What comes next in Kentucky
McGarvey is one of nine lawmakers on a bipartisan panel formed to study the impact sports betting could have on the Bluegrass State.
“I’ve already met with one of the lobbyists from the PGA,” McGarvey said. “It’s good to get their opinions, it’s good to get their thoughts on this because they have dealt with it in other states and in other countries.”
The group plans on pre-filing a bill before the start of the 2019 legislative session, which starts Jan. 8. However, McGarvey said there is no benefit to pre-filing a bill and once a bill is filed, no changes can be made unless it’s called to a committee floor.
“I wouldn’t want to pre-file this bill until or unless its 100 percent certain. Pre-filing give a bill gives it no special significance whatsoever. When you pre-file, you are trying to get a story, draw attention to it. We don’t need to do that with this bill — everyone is already looking at it.”
Who could regulate sports betting in KY
Representative Dennis Keene filed BR-15 on Sept. 7, which would require the Kentucky Lottery Corporation (KLC) to institute a sports wagering system.
Since the KLC would be regulating the system, a constitutional amendment would not be needed. All games created and regulated under the umbrella of the lottery are legal in Kentucky.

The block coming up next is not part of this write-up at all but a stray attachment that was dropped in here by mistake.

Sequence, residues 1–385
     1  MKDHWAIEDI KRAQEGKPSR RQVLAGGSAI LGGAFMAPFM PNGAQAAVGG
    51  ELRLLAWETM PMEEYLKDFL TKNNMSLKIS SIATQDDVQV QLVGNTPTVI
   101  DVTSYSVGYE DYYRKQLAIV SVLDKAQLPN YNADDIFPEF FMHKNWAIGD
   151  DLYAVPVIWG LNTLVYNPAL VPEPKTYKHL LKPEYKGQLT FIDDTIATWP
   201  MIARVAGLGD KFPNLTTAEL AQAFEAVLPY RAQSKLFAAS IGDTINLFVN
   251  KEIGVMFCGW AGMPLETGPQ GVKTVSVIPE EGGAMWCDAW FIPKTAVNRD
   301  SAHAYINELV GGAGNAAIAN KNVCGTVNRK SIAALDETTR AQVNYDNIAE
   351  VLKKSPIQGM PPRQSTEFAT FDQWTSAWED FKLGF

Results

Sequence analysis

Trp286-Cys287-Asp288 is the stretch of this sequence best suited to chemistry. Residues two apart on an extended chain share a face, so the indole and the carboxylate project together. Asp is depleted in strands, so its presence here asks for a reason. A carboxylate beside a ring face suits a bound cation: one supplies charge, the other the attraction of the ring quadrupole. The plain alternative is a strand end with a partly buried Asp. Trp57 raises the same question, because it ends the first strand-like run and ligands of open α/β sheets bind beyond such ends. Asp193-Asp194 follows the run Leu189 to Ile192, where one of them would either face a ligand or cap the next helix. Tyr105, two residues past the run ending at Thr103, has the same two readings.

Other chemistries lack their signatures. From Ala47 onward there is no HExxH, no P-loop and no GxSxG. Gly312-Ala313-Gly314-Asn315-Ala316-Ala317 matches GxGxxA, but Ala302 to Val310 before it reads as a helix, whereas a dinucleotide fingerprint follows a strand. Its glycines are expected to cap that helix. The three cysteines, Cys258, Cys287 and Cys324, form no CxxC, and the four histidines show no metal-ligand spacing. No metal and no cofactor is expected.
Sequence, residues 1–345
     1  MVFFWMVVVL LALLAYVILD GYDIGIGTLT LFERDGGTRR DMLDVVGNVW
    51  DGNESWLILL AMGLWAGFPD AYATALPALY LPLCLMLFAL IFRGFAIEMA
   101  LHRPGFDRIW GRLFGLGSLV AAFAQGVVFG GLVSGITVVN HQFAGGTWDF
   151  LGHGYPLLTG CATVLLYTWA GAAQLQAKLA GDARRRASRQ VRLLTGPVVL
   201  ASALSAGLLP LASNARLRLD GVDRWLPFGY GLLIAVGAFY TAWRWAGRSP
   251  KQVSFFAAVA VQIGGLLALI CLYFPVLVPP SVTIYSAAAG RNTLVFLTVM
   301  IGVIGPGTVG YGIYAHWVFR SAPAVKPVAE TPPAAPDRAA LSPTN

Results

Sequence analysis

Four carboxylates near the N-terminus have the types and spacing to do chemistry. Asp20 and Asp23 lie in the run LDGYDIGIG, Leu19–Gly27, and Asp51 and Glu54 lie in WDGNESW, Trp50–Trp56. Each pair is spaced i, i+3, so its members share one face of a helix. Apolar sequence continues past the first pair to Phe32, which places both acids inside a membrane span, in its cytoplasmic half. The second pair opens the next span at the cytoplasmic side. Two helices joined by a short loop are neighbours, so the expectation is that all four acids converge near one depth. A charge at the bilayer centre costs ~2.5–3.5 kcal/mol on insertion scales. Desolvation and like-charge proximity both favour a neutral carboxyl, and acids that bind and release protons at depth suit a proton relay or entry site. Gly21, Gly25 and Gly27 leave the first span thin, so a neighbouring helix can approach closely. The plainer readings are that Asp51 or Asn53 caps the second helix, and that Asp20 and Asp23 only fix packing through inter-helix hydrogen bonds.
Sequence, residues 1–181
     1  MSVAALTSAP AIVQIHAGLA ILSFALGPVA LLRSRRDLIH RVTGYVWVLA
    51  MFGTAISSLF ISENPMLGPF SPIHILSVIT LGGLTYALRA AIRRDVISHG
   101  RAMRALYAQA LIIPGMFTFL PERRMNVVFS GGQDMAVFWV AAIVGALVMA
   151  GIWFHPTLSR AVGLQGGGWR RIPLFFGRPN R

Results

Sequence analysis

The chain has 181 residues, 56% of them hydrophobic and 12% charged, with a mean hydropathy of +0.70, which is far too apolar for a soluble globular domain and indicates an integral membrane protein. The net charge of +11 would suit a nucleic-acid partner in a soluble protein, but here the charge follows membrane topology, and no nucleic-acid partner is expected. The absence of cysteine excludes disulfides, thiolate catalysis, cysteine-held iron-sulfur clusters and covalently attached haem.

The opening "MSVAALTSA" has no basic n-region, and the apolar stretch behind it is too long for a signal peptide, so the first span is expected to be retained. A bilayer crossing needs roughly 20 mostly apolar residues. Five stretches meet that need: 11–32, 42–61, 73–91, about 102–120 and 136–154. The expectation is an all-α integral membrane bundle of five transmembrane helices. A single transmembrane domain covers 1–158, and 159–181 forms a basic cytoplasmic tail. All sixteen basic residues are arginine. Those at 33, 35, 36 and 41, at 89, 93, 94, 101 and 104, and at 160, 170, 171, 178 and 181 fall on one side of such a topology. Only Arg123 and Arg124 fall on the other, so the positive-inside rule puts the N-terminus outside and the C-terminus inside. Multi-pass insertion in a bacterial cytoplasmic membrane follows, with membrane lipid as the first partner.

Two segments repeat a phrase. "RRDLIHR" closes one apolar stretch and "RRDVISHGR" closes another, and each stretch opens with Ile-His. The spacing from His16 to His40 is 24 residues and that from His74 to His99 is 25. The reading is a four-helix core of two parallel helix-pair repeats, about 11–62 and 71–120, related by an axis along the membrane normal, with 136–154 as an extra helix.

A major hurdle for lawmakers to overcome will be which regulatory body would be in charge of sports betting.
Both the Kentucky Lottery Corporation and Kentucky Horse Racing Commission have been viewed as possibilities. Committee members have also floated the idea of developing a new independent regulatory body to oversee sports betting.
When asked if sports betting would take money away from education, which is funded by the state lottery, Delacenserie said it probably could.
Representative Jason Nemes said when it comes to deciding who will regulate sports betting, the committee is not interested in introducing monopolies.
“We want to make sure we protect horse racing and make sure we protect the lottery,” Nemes said. “An independent agency to regulate sports betting will ensure it’s as protected as it can be.”
Sports betting in 2019
Considering only a handful of states legalized sports betting following the landmark May 14 decision, professional sports leagues may begin to deploy a number of lobbyists in states where legislation could be introduced. Of the states that legalized sports betting in 2018, none included an integrity fee.
While there is no integrity fee in Keene’s bill, BR-15, or any bills filed from last year’s session, it’s uncertain if lawmakers will revisit.
Legislative hearings to discuss sports betting will take place in Illinois, Indiana and DC next week.
Next steps in the Bluegrass State
McGarvey said leagues don’t have an anchor to the state other than their fan bases.
“One thing that makes sports betting unique here is that we don’t have any professional sports teams,” McGarvey said. “When the leagues come calling on us, we are willing to meet with them, we want to hear what they have to say.”
McGarvey said lawmakers can look at other states and come up with best practices. But any bill passed needs to be a benefit to the residents of Kentucky.
“My goal is pretty simple: the Supreme Court made this legal, (so) let’s not have Kentucky the last state to do something,” McGarvey said.